A shorter wait for cataract surgery could prevent injuries from falls

The long wait for cataract surgery in the Australian public health system could be leaving vulnerable people at risk of falls and subsequent injuries while their eyesight is compromised, according to Australian research. The team looked at a group of about 400 people referred for cataract surgery, which requires two separate surgeries for the full effect. The incidence of falls among the participants was 1.17 per year, compared to 0.41 once they’d had both surgeries. The researchers say the reduction in falls was much smaller after just the first surgery, suggesting both need to be completed in a timely manner to reduce the risk.

Journal/conference: Medical Journal of Australia

Link to research (DOI): 10.5694/mja2.51611

Organisation/s: The University of New South Wales, George Institute for Global Health, The University of Sydney, The Westmead Institute for Medical Research

Funder: This investigation was funded by a National Health and Medical Research Council project grant (APP1048302).

Media release

From: Medical Journal of Australia

EMBARGOED UNTIL 12:01am Monday 27 June 2022

OLDER Australians with cataract can wait for substantial periods for both first and second eye cataract surgery in the public hospital system, despite research showing that the second surgery is essential to reducing the incidence of falls.
Published today by the Medical Journal of Australia, the research analysed data from people aged 65 years or more referred for bilateral age-related cataract surgery during 2013–16, for a maximum of 24 months after study entry or until six months after second eye surgery, whichever was shorter.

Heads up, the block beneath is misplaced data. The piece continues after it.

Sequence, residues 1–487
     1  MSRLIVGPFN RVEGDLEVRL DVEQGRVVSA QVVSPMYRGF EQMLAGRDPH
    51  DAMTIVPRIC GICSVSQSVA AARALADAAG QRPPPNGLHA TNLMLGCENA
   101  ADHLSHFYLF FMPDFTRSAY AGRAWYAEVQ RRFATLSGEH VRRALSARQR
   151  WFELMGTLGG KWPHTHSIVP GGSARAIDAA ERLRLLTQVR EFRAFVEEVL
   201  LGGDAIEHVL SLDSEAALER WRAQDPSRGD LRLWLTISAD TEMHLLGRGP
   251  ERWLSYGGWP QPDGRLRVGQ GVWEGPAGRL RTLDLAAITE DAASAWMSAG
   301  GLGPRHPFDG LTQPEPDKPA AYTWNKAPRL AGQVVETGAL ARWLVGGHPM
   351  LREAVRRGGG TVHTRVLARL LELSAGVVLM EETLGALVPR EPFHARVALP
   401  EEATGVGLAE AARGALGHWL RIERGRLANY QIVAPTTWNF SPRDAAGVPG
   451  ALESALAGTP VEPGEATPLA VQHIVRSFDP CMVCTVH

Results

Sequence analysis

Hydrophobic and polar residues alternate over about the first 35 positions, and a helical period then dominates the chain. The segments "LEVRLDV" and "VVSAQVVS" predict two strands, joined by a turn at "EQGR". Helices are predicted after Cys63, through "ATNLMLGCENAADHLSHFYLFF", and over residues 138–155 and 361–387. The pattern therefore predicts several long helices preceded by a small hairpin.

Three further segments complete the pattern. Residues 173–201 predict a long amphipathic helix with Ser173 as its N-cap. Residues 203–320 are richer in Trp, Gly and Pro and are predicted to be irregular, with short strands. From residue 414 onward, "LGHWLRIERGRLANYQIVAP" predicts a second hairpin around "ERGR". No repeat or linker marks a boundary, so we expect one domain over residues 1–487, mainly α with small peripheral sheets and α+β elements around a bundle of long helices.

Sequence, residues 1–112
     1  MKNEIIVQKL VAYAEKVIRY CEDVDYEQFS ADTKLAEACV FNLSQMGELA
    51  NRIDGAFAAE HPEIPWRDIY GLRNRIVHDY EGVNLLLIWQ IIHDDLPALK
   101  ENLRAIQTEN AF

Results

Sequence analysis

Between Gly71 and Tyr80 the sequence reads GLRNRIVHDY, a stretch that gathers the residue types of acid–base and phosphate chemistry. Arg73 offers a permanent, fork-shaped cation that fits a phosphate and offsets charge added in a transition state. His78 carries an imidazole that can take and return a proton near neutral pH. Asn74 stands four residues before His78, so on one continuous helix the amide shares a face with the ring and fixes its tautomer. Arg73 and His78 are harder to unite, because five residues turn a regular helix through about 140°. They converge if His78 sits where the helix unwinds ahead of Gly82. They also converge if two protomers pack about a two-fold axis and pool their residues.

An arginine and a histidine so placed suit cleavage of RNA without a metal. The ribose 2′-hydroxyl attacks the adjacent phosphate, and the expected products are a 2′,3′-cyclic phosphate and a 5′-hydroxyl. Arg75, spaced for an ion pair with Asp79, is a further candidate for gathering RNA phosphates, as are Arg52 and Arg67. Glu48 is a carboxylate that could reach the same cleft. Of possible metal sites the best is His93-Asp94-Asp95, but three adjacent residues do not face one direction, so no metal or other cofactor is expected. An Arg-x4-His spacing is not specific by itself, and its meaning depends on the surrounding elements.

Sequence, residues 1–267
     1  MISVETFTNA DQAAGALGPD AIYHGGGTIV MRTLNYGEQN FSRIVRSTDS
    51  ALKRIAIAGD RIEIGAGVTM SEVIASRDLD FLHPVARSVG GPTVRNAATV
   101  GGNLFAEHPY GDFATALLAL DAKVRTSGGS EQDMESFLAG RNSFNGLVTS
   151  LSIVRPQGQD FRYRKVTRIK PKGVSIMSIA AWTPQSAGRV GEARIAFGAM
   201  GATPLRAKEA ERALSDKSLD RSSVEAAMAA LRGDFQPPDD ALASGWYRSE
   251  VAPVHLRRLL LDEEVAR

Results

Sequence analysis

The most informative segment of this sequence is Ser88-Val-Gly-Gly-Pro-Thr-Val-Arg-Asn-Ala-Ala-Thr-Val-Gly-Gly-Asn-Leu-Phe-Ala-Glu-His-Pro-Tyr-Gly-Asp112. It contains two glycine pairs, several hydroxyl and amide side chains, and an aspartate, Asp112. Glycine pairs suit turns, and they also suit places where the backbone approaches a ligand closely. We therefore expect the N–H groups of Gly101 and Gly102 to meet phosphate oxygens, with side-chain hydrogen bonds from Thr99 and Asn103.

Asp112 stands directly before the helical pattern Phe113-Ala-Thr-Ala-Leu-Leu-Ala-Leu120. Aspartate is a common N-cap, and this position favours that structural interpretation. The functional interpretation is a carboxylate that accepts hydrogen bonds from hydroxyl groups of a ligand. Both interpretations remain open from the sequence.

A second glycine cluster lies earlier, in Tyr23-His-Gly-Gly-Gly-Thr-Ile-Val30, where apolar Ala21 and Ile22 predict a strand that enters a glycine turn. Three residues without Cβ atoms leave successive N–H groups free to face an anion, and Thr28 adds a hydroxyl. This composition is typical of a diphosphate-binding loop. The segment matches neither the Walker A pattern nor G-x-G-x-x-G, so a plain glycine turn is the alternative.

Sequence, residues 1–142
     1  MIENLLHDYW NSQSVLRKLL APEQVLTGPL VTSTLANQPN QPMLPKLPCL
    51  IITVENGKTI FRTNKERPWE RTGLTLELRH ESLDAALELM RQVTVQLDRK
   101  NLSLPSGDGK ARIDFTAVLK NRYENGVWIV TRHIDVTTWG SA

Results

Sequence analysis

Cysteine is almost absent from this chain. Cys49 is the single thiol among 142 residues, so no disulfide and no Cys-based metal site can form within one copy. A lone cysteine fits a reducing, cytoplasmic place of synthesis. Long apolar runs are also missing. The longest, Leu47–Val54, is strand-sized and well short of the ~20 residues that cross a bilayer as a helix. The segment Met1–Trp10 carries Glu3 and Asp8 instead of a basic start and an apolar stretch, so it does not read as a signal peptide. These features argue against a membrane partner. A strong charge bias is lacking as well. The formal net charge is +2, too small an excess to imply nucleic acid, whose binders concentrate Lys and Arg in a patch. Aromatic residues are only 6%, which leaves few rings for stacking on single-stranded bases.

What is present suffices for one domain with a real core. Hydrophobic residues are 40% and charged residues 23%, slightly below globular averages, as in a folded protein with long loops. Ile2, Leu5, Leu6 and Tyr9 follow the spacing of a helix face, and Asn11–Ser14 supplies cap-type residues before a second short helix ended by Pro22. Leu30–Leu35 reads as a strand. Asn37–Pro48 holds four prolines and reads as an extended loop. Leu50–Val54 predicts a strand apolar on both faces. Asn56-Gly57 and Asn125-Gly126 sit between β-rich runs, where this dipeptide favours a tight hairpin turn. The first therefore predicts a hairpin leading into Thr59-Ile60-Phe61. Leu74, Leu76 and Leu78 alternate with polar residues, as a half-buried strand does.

“Age- and sex-adjusted fall incidence prior to surgery was 1.17 falls per year, 0.81 per year after first eye surgery, and 0.41 per year after second eye surgery,” reported Professor Lisa Keay, Head of the School of Optometry and Vision Science at the University of New South Wales, and colleagues.

“For the 118 participants who underwent second eye surgery and participated in all follow-up visits, age- and sex-adjusted incidence before (0.80 falls per year) and after first eye surgery (0.81 falls per year) was similar but was lower after second eye surgery (0.32 falls per year).

“Mean habitual binocular visual acuity (logMAR) was 0.32 before surgery, 0.15 after first eye surgery, and 0.07 after second eye surgery.”

Keay and colleagues said that cataract is a leading cause of vision impairment in Australia, despite the effectiveness and availability of cataract surgery.

“Cataract-related vision impairment affects 2.7% of non-Indigenous Australians aged 50 years or more,” they wrote.
“Major disparities in access to cataract surgery have been reported in Australia and other high-income countries.

“Our study adds to the body of evidence supporting investment in timely access to cataract surgery for older people, as it is cost-effective for improving vision and preventing falls.

“Older people with cataract in Australia can wait for substantial periods for both first and second eye cataract surgery in the public hospital system. The problem has been exacerbated by deferral of elective surgery during the coronavirus disease 2019 (COVID-19) pandemic, and particularly affects people who rely on public hospital services.

“Our findings indicate that timely and equitable access to cataract surgery is needed to prevent injuries and to promote healthy ageing,” they concluded.

All MJA media releases are open access and can be found at: https://www.mja.com.au/journal/media
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